Mr. Market was all upset when the distribution was cut. There was no future, the business would never grow again. There were even articles questioning the sustainability of the reduced dividend. Even now the stock price reflects the reduced payout, it does not reflect the underlying business strength. The stock price is far lower now than it was a couple of years in the past yet Kinder Morgan (NYSE:KMI) management just announced about an EBITDA 5% budget short fall.
Statistically, 5% might not even be meaningful, yet the market acts as though the company completely fell apart. The reaction was similar to many companies previously covered that actually had some serious problems. One would have thought that the only thing that mattered to the market was the distribution.
Source: Kinder Morgan, Sept. 8, 2016, Barclay's Energy CEO Conference
Now in some ways the above graphs do mix apples and oranges because the company changed its corporate structure a few years back. But it is hard to deny that the company clearly made good progress through the years. After all, KMP did represent a significant chunk of the company. The key point, however is on the right side of the chart. Notice that the projected distributable cash flow is a whole four cents lower for this year than last year. My personal favorite, cash flow from operations is also very healthy. Yet the stock price is about one-half of its previous high.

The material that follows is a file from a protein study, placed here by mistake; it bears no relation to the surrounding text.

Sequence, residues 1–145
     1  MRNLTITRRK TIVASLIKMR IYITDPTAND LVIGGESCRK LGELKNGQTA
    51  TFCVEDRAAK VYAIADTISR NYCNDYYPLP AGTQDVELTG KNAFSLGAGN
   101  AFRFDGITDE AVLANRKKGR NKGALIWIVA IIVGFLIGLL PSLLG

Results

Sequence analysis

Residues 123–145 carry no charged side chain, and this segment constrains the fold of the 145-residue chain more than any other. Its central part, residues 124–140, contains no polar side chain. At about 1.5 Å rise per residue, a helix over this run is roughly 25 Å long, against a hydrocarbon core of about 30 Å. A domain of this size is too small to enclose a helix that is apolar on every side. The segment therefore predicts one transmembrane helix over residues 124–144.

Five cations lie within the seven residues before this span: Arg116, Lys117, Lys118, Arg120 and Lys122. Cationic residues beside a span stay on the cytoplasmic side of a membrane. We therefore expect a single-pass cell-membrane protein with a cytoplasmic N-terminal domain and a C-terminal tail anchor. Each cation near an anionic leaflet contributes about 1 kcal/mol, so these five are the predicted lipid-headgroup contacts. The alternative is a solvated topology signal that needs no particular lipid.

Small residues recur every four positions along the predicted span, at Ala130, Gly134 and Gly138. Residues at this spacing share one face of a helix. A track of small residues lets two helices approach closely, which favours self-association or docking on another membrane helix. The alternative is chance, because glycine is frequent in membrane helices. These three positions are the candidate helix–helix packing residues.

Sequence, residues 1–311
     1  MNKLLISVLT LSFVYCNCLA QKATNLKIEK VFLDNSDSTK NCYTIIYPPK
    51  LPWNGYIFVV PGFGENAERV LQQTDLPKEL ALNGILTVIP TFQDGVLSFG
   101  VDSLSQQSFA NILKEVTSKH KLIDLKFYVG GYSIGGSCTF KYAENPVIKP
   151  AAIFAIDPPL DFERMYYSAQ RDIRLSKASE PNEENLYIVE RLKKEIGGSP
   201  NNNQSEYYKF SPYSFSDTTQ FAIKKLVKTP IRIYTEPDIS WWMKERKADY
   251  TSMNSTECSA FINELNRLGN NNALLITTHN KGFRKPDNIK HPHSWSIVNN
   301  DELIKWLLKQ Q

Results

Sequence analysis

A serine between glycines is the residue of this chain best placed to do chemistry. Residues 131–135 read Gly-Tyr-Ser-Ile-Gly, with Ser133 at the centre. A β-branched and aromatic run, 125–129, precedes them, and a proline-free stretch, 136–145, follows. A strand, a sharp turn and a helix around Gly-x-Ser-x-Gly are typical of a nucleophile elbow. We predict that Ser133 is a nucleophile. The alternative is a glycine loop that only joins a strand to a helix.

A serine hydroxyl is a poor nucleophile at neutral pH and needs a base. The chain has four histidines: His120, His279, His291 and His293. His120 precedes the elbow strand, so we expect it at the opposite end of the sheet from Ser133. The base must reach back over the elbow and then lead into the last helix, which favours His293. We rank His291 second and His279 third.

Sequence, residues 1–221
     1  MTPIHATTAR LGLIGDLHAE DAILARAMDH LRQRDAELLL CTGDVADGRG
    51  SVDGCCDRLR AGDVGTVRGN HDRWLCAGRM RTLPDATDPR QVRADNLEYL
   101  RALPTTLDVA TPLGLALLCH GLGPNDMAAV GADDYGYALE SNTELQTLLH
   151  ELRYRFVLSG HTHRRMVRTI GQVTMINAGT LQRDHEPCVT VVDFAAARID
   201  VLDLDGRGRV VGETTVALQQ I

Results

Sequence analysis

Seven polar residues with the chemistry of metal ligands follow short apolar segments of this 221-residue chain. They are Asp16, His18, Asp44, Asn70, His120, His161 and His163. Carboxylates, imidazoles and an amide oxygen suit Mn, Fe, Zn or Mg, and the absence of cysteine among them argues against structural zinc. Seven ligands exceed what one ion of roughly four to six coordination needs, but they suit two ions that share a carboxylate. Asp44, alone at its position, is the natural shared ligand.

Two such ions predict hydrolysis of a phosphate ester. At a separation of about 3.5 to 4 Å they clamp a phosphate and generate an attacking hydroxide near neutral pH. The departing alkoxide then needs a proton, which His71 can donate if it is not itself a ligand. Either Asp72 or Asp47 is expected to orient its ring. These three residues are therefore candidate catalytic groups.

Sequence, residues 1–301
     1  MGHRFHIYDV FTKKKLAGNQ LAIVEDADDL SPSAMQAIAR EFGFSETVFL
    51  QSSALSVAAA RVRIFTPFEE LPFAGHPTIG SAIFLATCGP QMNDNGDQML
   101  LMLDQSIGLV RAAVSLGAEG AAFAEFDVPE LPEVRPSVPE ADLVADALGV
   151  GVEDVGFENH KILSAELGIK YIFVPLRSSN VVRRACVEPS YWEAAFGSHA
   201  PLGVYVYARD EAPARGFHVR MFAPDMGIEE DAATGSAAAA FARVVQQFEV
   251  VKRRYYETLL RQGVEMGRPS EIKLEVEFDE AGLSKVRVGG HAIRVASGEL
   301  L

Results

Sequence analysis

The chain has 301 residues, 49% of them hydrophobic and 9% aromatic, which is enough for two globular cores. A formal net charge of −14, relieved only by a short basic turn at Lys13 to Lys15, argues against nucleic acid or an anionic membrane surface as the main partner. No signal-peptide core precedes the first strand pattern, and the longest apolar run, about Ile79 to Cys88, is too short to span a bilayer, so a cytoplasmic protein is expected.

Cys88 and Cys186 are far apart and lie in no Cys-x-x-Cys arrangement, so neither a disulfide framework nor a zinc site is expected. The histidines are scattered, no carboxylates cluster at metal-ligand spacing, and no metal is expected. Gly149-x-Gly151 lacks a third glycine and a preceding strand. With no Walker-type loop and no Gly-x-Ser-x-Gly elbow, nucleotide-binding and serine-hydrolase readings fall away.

Most likely Mr. Market was insanely optimistic about future prospects at the stock high. So Mr. Market is now overly depressed about future opportunities for this company. This was a company that traded over $40 per unit about a year ago. Yet earlier this year, the stock traded briefly below $12 per unit. This is a prime characteristic of "group think" that investors can take advantage of. But it takes a lot of nerve and determination as well as patience to go against the market. Clearly, the stock is up nicely from its low as the market realizes the company would still grow and there are some decent future prospects, but there is still a lot of failure priced into this stock.
More importantly, Richard Kinder, the company chairman (along with upper management) and largest shareholder, has announced a change in long term policy going forward. The market and the lenders demand greater coverage of distributions than in the past. Lenders also want more equity and a lower loan-to-value ratio. So going forward, this stock will have greater distribution coverage. It will also allow earnings to compound to a far greater extent than was allowed historically.
That means that the earnings will be re-invested in the business. Therefore earnings will now compound and growth will be relatively higher than in the past when a non-compounded growth rate prevailed. This will counteract the lower growth rates projected because the company is now much larger. Previously, the company sold more units to grow and obtained earnings growth from the spread between profitability and borrowings. So in many ways earnings grew without the compounding as any available earnings were distributed. So there really was not much, if any cash available to re-invest in the business. Dilution from more unit offerings was the rule.